Eating here is a little like dining in a museum as the walls are lined with photos and memorabilia of the local Chinese laundryman’s association. It’s one of the city’s most atmospheric settings and Chinese (mostly Nyonya) and Asian dishes keep regulars and travellers coming back for more.
235 Jalan Tun Razak
tel: 03-2145 0366
The ‘passage’ is set back from the road and a little difficult to see, but for those who drive here there’s abundant parking. A comprehensive menu of mostly northern Indian specialities including tandoori and many vegetarian dishes is served in an elaborate setting. The wine list is limited but there are plenty of cold beers and juices to quell the spicy food.
25 Tengkat Thong Shin
tel: 03-2144 8225
While many Vietnamese food outlets claim authenticity, few have achieved the success of Sao Nam, now with two outlets – KL and suburban Plaza Damas. Trendy diners devour dishes like mangosteen and prawn salad and chicken pho (noodle soup). Sao Nam KL is located near the Jalan Alor food street and serves creative food with a well-considered wine list. Closed on Monday.
tel: 04-955 6787
Located at Bon Ton Resort, this restaurant has a menu featuring tantalising “West-meets-spice” cuisine. The Nyonya platter is the house speciality – nine different types of meat and seafood cooked in a variety of spices and served with rice on a banana leaf. Leave room for dessert if you can. Also caters to animal-lovers, vegetarians and children.
Even if you miss this self-service restaurant at the road bend after the surau (mosque), you will not miss the number of cars parked at the road shoulder or the locals heading to it during lunchtime. Serves an assortment of Malay dishes buffet-style and soup. First get your plate of rice, and then take whatever you would like to eat. Present your food plate to the lady at the counter and pay for it. You can also order ABC, a sweet dessert topped with ice shavings. Open Sat–Thur 10am until the food runs out, closed on Fridays and during Ramadan.
tel: 04-955 1363
Tables on the beach offer great sunset views. Excellent steaks, buttered potatoes, herb salad, waffles and cream, and coffee, not to mention the fabulous margaritas, possibly the best on the island. The menu changes nightly.
31D Abu Siti Lane
A family-owned restaurant specialising in traditional Nonya (Peranakan) cuisine. A complimentary appetiser of ikan bilis with onion and chillis with a kerabu twist is the start to a delicious meal. Mama’s speciality dishes are tau eu bak (pork cooked in dark soya sauce) and perut ikan (stewed fish stomach with vegetables – tastes better than the name suggests). Closed Mondays.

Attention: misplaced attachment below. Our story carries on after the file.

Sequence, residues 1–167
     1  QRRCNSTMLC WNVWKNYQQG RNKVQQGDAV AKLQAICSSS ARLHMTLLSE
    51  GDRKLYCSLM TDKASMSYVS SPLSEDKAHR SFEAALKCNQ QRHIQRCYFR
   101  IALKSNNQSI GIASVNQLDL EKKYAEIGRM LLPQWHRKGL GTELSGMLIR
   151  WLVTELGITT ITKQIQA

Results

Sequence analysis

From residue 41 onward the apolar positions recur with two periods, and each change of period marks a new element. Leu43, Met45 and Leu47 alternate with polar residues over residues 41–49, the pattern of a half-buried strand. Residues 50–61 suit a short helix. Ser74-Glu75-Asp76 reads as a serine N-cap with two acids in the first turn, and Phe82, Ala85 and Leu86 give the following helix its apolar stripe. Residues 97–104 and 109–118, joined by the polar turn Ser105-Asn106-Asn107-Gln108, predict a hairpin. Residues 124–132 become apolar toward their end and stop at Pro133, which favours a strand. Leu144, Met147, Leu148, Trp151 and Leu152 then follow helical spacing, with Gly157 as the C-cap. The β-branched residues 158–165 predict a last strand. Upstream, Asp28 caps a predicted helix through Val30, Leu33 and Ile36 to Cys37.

Lone Pine Hotel, 97 Jalan Batu Feringgi
tel: 04-886 8566
Facing the hotel pool and the casuarina-lined beach, this restaurant housed in a colonial-era building has indoor and outdoor seating. At night, the atmosphere is very romantic. The Chinese menu concentrates on Hainanese dishes, but includes dishes such as fish curry, chicken rice and filet mignon.
49 & 51 Lebuh Queen
tel: 04-262 5367
Having been around for 45 years, Tajuddin Hussain has perfected its nasi kandar (Penang-style rice and curries). The huge dining area is simply furnished, with wooden tables and plastic chairs. While the outlet specialises in tomato rice and roast chicken, the nasi briyani is also worth trying.
75 Jalan Melaka Raya 24, Taman Melaka Raya
tel: 06-286 8819
While Penang’s nyonya food is Thai influenced, Melaka’s nyonya cuisine derives its flavours from the Malay, Chinese and Chitty communities. Try udang goreng assam (stir-fried prawns in tamarind paste), chicken pongteh (stew) and the telur dadar cincaluk (spicy omelette with fermented shrimp paste).
4 D’Aranjo Road, Portuguese Settlement, Ujong Pasir
This restaurant serves authentic Portuguese cuisine. Try the baked fish (seabass or red snapper), curry debal chicken (can be quite spicy), fried brinjals and the black pepper crabs. Call ahead to reserve a table (and your fish), because once their stock of fish runs out, they will close for the day.
6 Jalan Kia Peng
tel: 03-2143 1908
With a heritage of over 50 years of solid Hakka culinary tradition, this family-run restaurant is the best place for authentic Hakka food. Unmissable are the Hakka noodles with minced pork sauce, mui choy kau yuk (braised pork belly layered with preserved vegetables) and the unique stewed fish head with fermented red rice.
Menara Taipan, Jalan Puncak, Off Jalan P. Ramlee
tel: 03-2072 4452
Self-taught chef and caterer Nathalie Arbefeuille has been wowing Kuala Lumpur with modern French cuisine in her fine-dining outlet. The creative menu changes monthly, and diners can select from the à la carte menu or the set menu, which includes a dégustation option. Not to be missed are her signature macaroons.
Read more about restaurants in Malaysia in Insight Guides: Malaysia